Complete Coral Reef Recovery From Extreme Warmth Provides Proof That Nature Can Adapt To Climate Change
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A coral reef off the coast of Colombia was severely damaged by the heat of the 1982-83 El Niño. Close to 85% of the reef's coral was devastated, and then the 1997-98 El Niño struck putting more stress on the reef. Per the global warming alarmist's claims, this reef was destroyed for all future generations. The climate alarmists were wrong, again.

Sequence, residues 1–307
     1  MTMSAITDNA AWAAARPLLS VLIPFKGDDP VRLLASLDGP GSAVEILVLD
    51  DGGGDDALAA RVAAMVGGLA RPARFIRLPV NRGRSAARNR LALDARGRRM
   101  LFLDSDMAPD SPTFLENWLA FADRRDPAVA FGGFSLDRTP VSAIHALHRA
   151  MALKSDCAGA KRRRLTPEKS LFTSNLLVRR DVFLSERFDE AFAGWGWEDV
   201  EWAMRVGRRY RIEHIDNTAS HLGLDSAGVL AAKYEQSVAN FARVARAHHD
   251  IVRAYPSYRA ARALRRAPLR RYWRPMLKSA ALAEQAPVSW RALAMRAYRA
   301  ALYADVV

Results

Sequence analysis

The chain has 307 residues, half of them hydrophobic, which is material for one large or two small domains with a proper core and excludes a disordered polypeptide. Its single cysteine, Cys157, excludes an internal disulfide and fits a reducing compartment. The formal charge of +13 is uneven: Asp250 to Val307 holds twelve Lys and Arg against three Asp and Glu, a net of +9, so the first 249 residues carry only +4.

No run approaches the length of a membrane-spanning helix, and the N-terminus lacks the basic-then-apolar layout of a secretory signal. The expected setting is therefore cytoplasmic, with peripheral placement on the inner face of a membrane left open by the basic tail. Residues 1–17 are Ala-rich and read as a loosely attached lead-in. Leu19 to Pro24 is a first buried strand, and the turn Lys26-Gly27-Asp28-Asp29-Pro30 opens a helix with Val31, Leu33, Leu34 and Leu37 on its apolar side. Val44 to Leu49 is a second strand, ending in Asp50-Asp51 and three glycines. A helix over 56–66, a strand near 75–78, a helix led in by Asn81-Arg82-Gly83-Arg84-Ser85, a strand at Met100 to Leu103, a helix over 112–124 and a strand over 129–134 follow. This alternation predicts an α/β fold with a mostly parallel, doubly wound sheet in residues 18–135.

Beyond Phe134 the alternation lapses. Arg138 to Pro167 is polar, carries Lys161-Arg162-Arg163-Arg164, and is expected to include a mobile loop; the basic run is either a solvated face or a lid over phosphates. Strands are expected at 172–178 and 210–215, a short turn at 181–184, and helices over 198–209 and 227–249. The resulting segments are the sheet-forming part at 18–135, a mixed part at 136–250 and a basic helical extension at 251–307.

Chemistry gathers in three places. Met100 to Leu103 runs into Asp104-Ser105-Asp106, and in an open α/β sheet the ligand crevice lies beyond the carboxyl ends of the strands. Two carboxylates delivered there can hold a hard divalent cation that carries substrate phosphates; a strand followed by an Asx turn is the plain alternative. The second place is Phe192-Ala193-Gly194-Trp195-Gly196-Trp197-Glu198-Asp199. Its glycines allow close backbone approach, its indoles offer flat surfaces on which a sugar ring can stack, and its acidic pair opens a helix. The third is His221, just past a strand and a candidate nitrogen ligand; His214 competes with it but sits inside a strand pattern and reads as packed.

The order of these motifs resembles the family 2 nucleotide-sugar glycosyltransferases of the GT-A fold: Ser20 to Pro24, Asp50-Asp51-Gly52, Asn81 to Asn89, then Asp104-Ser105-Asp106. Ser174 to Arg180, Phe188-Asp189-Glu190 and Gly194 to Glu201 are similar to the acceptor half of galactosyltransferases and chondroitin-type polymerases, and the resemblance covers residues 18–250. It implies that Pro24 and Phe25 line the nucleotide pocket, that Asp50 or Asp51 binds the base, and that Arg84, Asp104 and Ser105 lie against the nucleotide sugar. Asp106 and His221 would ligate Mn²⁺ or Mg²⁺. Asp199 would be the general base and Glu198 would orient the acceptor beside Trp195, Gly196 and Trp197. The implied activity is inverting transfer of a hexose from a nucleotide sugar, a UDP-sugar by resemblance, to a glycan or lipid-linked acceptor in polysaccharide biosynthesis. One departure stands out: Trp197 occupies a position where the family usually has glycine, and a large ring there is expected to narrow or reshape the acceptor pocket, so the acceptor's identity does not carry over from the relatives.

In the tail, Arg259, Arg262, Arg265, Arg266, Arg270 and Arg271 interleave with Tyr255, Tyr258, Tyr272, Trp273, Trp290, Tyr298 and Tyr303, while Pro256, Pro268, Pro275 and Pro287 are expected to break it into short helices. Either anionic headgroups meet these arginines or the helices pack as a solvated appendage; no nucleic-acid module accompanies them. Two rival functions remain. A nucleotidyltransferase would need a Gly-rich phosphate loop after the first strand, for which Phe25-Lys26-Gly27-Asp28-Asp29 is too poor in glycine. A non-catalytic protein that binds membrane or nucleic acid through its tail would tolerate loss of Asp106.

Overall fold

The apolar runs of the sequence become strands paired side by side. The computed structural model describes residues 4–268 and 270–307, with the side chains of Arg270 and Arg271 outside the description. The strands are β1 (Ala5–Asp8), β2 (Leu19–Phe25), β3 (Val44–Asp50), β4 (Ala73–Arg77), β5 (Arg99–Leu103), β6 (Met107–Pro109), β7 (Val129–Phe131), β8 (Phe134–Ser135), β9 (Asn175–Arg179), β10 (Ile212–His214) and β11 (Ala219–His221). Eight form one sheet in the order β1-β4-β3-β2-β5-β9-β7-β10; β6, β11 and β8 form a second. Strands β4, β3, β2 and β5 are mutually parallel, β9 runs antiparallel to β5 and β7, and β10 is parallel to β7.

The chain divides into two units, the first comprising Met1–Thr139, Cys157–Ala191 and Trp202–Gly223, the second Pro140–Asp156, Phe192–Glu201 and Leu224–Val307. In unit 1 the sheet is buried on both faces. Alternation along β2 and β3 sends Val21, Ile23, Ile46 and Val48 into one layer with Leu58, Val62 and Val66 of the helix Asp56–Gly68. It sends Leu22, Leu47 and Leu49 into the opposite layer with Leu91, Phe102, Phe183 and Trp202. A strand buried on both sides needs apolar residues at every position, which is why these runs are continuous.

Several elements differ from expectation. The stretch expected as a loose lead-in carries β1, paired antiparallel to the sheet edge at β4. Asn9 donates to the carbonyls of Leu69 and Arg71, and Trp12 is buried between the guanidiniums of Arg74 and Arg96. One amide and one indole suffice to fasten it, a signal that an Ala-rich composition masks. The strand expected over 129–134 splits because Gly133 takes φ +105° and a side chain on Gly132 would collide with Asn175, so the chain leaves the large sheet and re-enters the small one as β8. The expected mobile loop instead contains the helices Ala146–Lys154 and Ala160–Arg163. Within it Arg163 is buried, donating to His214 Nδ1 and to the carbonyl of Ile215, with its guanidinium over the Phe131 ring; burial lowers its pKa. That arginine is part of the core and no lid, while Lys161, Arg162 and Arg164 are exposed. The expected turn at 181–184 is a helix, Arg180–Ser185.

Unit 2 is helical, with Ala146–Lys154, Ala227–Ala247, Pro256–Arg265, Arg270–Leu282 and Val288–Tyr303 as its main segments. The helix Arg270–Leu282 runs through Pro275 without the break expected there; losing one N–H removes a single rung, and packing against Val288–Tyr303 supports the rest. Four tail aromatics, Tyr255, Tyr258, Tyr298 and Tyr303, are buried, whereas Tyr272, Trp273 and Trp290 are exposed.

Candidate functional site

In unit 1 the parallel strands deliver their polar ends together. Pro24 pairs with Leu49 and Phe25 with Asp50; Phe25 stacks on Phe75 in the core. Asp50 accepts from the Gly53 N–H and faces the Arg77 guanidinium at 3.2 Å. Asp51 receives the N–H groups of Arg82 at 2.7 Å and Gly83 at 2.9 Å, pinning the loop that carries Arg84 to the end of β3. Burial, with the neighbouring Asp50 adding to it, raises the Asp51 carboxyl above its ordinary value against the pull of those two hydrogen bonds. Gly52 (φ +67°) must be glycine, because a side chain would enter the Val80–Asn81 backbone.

"Working with data they obtained over the period 1998-2004 from 20 permanent transects at two sites on one of the largest and best developed coral reefs in the Colombian Pacific (La Azufrada reef on Gorgona Island), plus data obtained there even earlier by others, Zapata et al. developed an extended history that revealed some interesting aspects of the reef's resiliency.....showed the reef at La Azufrada to have returned to "pre-disturbance (1979) levels of coral cover within a 10-year period after the 1982-83 El Niño, which caused 85% mortality," and that, subsequently, "the effects of the 1997-98 El Niño, indicated by the difference in overall live coral cover between 1998 and 1999, were minor (<6% reduction)." And they indicate that "despite recurrent natural disturbances, live coral cover in 2004 was as high as that existing before 1982 at La Azufrada."" [Fernando A. Zapata, Alberto Rodríguez-Ramírez, Carlos Caro-Zambrano & Jaime Garzón-Ferreira 2010: International Journal of Tropical Biology and Conservation]